VI. British Gardening, as a Science, and as to the Authors it has produced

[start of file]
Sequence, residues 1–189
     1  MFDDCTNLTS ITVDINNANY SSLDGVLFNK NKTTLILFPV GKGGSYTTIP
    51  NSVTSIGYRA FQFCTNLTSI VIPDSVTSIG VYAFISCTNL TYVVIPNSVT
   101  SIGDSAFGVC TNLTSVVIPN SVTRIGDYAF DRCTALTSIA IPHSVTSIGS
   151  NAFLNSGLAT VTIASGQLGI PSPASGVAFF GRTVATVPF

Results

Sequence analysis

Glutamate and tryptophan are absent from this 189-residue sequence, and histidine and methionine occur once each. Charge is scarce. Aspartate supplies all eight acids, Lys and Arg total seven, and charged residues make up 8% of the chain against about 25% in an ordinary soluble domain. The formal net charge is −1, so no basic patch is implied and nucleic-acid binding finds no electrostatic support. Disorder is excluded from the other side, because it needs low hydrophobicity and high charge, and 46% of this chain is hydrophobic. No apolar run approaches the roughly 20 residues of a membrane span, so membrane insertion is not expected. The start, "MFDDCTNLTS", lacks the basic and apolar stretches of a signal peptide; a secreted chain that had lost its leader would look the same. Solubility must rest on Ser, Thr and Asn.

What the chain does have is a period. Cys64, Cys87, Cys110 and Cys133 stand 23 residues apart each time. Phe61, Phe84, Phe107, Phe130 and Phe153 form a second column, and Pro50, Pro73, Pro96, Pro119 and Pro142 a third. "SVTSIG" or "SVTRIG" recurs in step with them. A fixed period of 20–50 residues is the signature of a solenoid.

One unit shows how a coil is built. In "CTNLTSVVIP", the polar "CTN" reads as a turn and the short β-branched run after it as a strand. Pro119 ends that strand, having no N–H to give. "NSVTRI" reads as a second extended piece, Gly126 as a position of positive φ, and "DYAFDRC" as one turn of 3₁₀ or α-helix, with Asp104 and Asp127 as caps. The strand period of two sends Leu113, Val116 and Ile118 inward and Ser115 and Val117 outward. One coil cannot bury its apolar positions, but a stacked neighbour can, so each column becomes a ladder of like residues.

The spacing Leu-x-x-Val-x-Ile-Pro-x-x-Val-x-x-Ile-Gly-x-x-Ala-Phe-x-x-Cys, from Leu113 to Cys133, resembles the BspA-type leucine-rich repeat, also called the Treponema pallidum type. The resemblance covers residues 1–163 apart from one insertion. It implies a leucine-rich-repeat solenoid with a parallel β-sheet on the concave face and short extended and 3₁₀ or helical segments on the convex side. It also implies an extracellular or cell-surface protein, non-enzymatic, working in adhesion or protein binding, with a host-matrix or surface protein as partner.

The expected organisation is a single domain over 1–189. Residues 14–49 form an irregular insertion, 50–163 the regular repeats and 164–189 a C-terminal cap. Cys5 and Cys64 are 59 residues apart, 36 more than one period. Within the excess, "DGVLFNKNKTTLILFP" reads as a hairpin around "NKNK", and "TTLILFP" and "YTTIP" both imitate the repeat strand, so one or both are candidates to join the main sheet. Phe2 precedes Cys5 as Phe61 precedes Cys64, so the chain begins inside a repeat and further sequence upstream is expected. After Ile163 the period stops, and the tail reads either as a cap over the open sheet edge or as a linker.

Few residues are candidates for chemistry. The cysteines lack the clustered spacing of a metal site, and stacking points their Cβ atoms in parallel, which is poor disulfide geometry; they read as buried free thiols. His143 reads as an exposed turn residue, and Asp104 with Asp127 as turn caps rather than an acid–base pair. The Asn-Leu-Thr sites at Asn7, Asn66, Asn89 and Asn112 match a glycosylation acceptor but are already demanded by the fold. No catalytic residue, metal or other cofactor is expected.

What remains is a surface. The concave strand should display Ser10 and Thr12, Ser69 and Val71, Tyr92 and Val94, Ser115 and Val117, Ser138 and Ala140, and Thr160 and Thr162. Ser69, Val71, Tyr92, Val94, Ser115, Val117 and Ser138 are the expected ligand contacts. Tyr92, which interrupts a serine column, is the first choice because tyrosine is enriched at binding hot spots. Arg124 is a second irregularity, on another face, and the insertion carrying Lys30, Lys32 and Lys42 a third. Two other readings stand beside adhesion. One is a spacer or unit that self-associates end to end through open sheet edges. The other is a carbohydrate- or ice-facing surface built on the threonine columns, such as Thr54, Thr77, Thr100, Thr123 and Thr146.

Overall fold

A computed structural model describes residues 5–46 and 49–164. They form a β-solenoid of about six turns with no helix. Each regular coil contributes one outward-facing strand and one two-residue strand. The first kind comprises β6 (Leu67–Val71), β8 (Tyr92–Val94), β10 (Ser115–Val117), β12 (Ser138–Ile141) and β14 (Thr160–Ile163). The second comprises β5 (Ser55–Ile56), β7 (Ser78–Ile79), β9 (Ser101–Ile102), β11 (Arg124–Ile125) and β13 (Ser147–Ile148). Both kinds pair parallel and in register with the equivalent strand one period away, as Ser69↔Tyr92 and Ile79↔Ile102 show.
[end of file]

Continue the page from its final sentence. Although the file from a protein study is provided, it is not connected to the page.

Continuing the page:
718. Those superstitious observances attendant on a rude state of society retained their ground in British gardening till the end of the seventeeth century. Meager, Mascal, Worlidge, and the authors who preceded them, regulate the performance of horticultural operations by the age of the moon. Turnips or onions, according to these authors, sown when the moon is full, will not bulb, but send up flower-stalks; and fruit trees planted or grafted at that season will have their period of bearing greatly retarded. We heard in Scotland, about 1795, the same doctrine as to turnips and onions mentioned by an old market-gardener. A weak tree is to be pruned in the increase, and a strong tree in the wane of the moon. Quintinye seems to have been the first to oppose this doctrine in France, and through Evelyn's translations of his Complete Gardener, he seems to have overturned it also in England. 'I solemnly declare,' he says, 'that, after a diligent observation of the moon's changes for thirty years together, and an enquiry whether they had any influence in gardening, the affirmative of which has been so long established among us, I perceived that it was no weightier than old wives' tales, and that it had been advanced by inexperienced gardeners. I have therefore, followed what appeared most reasonable, and rejected what was otherwise: in short, graft in what time of the moon you please, if your graft be good, and grafted on a proper stock, provided you do it like an artist, you will be sure to succeed. In the same manner, sow what sorts of grain you please, and plant as you please, in any quarter of the moon, I'll answer for your success, the first and last day of the moon being equally favourable.'